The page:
McDonald's Restaurant Offers Job Applicants $50 To Turn Up To Interview

A McDonald's restaurant in Florida is paying job applicants $50 for turning up to an interview amid struggles to hire new employees.

The franchise owner, Blake Casper, who has 60 McDonald's restaurants in the Tampa, Florida area, told Insider that a general manager gave him the idea for the interview reward after telling them to "do whatever you need to do" to hire workers.

Casper he believes it is difficult to hire workers at the moment due to the number of businesses reopening and hiring, alongside enhanced unemployment benefits.

However, the $50 reward has not tempted many people to apply for jobs, according to Casper, who said that they had more success with referral programs, signing bonuses, and allowing people to apply via text message.

Casper also said he is considering raising starting wages to attract more employees. The McDonald's restaurant currently pays $12 an hour, which is $3 above Florida's minimum wage, but he is considering increasing the wage to $13.

McDonald's
McDonald's restaurant sign on February 9, 2009, in San Francisco, California. A McDonald's restaurant in Florida is offering job applicants $50 to attend an interview. Justin Sullivan/Getty

There have been calls to raise the minimum wage to $15 an hour in the U.S. and McDonald's has previously said that the company will "do just fine" through staged and equitable minimum wage increases.

The National Restaurant Association has opposed federal efforts to raise the minimum wage to $15 an hour, spending $2.6 million on federal lobbying last year, including lobbying against the Raise the Wage Act.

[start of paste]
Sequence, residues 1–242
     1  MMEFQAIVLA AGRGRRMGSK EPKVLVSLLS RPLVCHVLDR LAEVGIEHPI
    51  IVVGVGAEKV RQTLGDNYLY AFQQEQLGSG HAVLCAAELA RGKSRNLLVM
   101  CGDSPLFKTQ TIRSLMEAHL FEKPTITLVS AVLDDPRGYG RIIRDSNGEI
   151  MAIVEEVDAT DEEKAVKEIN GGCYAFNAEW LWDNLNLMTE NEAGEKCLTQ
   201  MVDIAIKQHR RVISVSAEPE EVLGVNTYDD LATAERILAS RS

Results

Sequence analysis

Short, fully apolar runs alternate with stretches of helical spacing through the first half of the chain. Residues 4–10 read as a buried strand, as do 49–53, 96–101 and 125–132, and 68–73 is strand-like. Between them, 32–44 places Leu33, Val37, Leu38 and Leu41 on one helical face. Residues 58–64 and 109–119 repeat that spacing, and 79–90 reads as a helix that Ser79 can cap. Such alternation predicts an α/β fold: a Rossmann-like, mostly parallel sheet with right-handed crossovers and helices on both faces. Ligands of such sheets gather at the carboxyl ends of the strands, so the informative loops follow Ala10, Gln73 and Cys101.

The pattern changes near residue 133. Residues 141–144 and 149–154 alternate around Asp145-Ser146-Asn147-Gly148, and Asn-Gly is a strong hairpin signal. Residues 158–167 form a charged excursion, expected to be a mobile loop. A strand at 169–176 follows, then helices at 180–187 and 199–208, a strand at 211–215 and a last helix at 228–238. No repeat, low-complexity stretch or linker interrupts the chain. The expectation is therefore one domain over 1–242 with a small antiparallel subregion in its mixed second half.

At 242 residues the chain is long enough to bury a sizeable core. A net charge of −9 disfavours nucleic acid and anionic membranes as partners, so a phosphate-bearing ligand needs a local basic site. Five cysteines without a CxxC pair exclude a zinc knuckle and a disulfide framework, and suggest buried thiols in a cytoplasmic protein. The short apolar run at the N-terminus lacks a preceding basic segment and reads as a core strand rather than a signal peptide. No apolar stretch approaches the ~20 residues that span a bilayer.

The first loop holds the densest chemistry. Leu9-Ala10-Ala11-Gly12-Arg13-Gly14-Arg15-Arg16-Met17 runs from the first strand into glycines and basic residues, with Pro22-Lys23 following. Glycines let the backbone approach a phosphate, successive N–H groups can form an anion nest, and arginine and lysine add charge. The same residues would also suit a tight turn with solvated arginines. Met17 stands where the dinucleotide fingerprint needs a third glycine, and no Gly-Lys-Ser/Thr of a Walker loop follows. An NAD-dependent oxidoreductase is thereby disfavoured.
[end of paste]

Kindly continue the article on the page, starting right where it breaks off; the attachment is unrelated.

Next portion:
However, in 2019, McDonald's told the National Restaurant Association that it would no longer participate in lobbying efforts to oppose minimum wage increases at the federal, state, or local level.

In January, McDonald's CEO Chris Kempczinski told investors the company "developed quite a bit of experience" with minimum wage hikes at the state level, and they haven't been a problem.

"Our view is the minimum wage is most likely going to be increasing whether that's federally or at the state level as I referenced, and so long as it's done... in a staged way and in a way that is equitable for everybody, McDonald's will do just fine through that," Kempczinski said.

The House and Senate Democrats introduced the Raise the Wage Act legislation to gradually raise the federal minimum wage from $7.25 to $15 by 2025. The act proposes that anyone working minimum-wage jobs, tipped wage workers, youth wage workers or 14(c) wage workers would be paid at least $15 an hour.

If the bill passes, by 2025, the minimum wage would be $15 for most workers, including workers with disabilities. By 2027, untipped and teenaged workers would also be paid a minimum of $15.